If numerous established sales professionals are falling short, for example, this is a clear signal that the team needs to reexamine their approach.

2. Conversion rates at each stage of the funnel

The sales funnel describes how people progress from being leads to closed sales. The process includes all of the key phases you require to move customers through in order to make the transition from first contact to delivery of the product or service and sometimes even beyond that.

By looking at the rates of conversion from one state of the sales funnel to the next, companies can find even more opportunities for improvement. Small improvements at each stage can lead to a massive difference in sales success.

3. Time spent on core selling vs. time spent in aggregate

Monitor how much time is spent on core selling. This will tell you where the priorities of the sales team lie. It can help eliminate sales waste and improve efficiency among the team.

Although other responsibilities, such as expense reports, might be important, they are not selling and should not be the focal point of the time. Consider carefully what the right balance is and consider the design of the team and whether the tasks that are blocking success could be done by others.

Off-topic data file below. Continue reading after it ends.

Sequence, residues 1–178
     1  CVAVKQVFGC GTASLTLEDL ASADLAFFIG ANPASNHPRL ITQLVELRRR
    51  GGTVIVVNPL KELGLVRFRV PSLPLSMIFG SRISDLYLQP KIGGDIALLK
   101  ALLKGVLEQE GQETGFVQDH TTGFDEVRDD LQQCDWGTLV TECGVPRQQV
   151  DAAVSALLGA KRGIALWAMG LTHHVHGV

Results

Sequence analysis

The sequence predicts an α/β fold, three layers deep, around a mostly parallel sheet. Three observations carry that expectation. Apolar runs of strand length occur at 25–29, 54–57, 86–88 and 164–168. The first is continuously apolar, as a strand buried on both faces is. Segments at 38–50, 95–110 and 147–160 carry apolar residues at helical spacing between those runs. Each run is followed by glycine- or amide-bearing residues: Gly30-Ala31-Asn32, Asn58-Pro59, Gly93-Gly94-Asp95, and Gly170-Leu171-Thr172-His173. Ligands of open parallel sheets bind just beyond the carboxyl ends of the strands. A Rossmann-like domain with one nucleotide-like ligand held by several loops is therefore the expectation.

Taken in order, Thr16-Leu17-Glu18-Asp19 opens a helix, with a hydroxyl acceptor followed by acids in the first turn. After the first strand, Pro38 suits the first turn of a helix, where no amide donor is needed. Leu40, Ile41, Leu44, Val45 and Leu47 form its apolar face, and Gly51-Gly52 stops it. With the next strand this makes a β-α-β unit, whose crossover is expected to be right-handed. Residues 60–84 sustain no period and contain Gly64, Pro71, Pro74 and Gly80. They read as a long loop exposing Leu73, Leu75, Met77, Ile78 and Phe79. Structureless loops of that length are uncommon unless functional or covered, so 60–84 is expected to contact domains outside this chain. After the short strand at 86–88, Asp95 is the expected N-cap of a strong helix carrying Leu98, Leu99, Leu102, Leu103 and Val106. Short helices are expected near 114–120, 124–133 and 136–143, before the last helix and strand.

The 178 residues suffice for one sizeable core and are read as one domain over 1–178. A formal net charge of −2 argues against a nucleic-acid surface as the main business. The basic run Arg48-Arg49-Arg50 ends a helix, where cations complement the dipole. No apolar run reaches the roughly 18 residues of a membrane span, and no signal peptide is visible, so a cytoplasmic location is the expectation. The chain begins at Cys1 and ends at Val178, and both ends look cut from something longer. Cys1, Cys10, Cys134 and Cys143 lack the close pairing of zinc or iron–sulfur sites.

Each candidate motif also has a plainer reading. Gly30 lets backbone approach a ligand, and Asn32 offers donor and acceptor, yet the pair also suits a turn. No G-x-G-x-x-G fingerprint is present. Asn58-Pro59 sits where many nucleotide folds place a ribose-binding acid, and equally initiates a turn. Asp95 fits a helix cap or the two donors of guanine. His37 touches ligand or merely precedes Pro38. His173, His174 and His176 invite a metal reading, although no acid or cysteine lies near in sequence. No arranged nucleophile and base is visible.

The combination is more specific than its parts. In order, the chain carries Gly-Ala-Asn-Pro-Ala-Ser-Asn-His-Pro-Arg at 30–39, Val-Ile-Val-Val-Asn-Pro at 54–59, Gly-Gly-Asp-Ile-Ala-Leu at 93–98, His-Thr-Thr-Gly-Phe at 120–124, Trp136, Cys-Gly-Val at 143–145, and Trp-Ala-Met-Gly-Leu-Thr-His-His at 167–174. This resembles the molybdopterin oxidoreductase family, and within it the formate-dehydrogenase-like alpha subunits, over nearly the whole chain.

Clarity, the key to sustainable sales

Linking the brand to customers, through the right channels, and in the right way makes sure that the customer buys with clarity as well as ensuring that you sell with clarity.

When that’s done the sale is powerfully sustainable. Customers get what they bought, delivered properly, on time and at a cost that they value, whilst the brand can make long term profits. That’s why sales processes have the power to make or break a brand.

Taking the time to perfect this system can increase sales, boost the bottom line and even reduce costs. The steps described above can help companies improve their sales systems from the top down to help them reach goals and grow the brand.

About the author

This article has been written by ByteStart’s regular business management contributor,  William Buist. William is a Business Strategist, Speaker, and founder of the exclusive xTEN Club – an annual program that helps business owners to accelerate growth, harness opportunity and build their business. He is also author of two books: ‘At your fingertips’ and ‘The little book of mentoring’. Other articles William has written for ByteStart, include;

And for more on generating sales, try these other ByteStart guides;

Bytestart Limited

Comments are closed.